On Christmas Day Kate and I took Raj and Rigo to church. The boys were surprisingly attentive and well-behaved… until they weren’t. So we had to go home a little early. In my neighborhood I scowled into my camera to get this shot, not realizing I was in the picture with the shepherds.
The last seven guests departed today, including three of the littlest ones. As far as my house is concerned, we are mostly now in the “After Christmas” period, when remodeling work is supposed to start up again. But I have a feeling things will be pretty quiet until 2020 arrives, and that’s okay, because I have lots of debriefing to do with myself, and processing of all the love and good deeds and good wishes that flowed into the house and all over the place. And a few more Days of Christmas during which I will make some plates of cookies for the neighbors, and watch the Iceland Poppies bloom.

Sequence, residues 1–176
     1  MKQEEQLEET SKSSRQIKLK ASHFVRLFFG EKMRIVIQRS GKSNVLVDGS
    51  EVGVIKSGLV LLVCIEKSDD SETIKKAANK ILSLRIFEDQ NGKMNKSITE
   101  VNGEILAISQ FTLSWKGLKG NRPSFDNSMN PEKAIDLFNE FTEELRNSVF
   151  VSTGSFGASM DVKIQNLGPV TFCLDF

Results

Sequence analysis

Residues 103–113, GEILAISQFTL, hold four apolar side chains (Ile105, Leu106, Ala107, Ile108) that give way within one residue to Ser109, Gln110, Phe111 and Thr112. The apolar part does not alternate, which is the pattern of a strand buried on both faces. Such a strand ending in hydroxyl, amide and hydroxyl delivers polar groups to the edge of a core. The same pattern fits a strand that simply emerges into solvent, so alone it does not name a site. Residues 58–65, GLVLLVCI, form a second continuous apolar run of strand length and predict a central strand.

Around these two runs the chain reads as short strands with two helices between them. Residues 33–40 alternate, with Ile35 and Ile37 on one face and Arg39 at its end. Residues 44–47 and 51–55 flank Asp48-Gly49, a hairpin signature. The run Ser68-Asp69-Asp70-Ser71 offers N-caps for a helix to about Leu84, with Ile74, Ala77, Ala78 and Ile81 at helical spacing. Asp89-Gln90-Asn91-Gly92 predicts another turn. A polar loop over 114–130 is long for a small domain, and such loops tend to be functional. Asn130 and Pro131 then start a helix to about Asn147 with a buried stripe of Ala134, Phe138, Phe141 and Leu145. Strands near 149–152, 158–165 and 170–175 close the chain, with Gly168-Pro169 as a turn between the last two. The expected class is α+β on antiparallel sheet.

The highlight of our Thanksgiving season was a visit from Kate and family, including that baby I met back in January, who came from India this month for various family get-togethers and his baptism. Glory to God!
He and Kate and Tom did land first in Colorado to meet our newly relocated clan family, a few days after I’d come back here. So I wasn’t present when Raj encountered snow.
Two days after my return, my part of the state was inundated with smoke and ash from the Butte County Camp Fire far to the north, and the day of Raj’s baptism far to the south I was not physically present. My friend and I were here in what looked for a few days like a thrift store, organizing donations to the fire victims. Myriah did not lose her house, but she did certainly lose her home.
As soon as Myriah drove on to the disaster area with lots of sweaters and socks and new coats, the Glad Group began trickling in, starting with Pearl’s family from Wisconsin and San Diego, and continuing with Raj and his parents, then Pippin’s people from northern California. Everyone wanted to meet Raj! And of course, to see his parents whom they’d been missing for a year and a half.